How Hebron Municipal Airport Boosts Economic Growth and Development
25 May 2023
Municipal airports in rural areas, especially those dependent on agriculture, are an integral economic piece to the growth and sustainability of local businesses across industries/sectors. Nestled between four-lane highway 81 and two-lane highway 136, in ‘Nebraska’s Porch Swing Capital,’ is Hebron Municipal Airport, a major benefactor to Hebron, Thayer County, and Nebraska’s economic growth.
“Hebron Municipal Airport (HMA) has a powerful impact on the agricultural sector of Thayer County, as well as surrounding counties. Currently, there are four, well-established agricultural sprayers, three utilizing larger turbine planes, and one helicopter spraying service. Each type of aircraft provides specialized spraying. These spraying services hire pilots and support personnel to load aircraft with fuel, water, and chemicals, many of which are locally hired, and chemicals are locally purchased. These services have prompted non-local, certified mechanics and pilots to be hired, prompting them to relocate to Hebron. Such services also assist our farming community with protecting and increasing potential crop production.
HMA also houses the Automated Weather System (AWOS) which supplies continuous information that impacts flight arrivals and departures. This information is vital as our local healthcare system is designated as a Basic Level Trauma Center (Level IV), and is the only Level IV Trauma Center in the region. Medical transport helicopters land at the hospital and fixed-wing medical transport can land at the airport.” - Bill Linton, Hebron Airport Authority President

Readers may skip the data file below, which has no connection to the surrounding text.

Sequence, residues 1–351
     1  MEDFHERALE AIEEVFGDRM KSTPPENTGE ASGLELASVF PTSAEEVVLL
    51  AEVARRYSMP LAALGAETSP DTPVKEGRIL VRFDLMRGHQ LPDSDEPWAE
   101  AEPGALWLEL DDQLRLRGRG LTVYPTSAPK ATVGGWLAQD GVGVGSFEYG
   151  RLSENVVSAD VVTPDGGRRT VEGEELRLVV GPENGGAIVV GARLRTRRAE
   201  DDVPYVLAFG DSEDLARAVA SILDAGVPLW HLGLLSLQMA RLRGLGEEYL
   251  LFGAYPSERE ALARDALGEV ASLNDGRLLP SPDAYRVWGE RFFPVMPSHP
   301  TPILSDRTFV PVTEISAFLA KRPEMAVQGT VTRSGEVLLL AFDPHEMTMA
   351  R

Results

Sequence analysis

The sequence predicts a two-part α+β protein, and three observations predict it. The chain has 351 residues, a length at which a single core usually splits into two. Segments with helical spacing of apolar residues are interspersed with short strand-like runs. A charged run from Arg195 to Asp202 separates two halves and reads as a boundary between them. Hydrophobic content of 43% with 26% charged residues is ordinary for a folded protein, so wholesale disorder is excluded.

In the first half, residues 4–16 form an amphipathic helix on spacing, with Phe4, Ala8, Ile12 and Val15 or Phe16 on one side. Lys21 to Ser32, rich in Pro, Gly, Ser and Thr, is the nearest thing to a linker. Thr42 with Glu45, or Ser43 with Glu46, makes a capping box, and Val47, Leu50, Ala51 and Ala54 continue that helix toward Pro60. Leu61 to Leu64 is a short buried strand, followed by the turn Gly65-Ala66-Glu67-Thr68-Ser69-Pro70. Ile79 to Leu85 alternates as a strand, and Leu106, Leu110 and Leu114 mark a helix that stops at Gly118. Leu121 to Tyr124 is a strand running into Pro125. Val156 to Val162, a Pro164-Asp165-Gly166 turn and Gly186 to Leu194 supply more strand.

When doctors, contractors, and other temporary personnel for various industries are flown in, they land at HMA. Temporary personnel support the local economy through local lodging, frequenting local restaurants, and visiting local businesses. Temporary personnel have been known to stay as short as a few hours, to as long as a few months. HMA gives an advantage to patient care allowing doctors the ability to fly in and fly out within the same day versus driving four/five hours one-way.
Fueling services have been a commodity since the 1960s at HMA. Since 2017, thanks to an FAA grant, with the installation of self-serve credit card pumps, fueling stops tripled due to the convenience of landing and refueling at a rural airport that does not charge landing fees. HMA has welcomed aircrafts from New York to California, and everywhere in between. Pilots are also able to rest in the pilots’ lounge, if needed.
Due to Hebron’s hospitality, HMA instituted a courtesy car service. Mainly used by pilots and passengers a few times per week, this option allows visitors to eat at local restaurants, pick-up supplies, and browse area businesses purchasing souvenirs during their downtime between flights.
State-Measured Economic Impact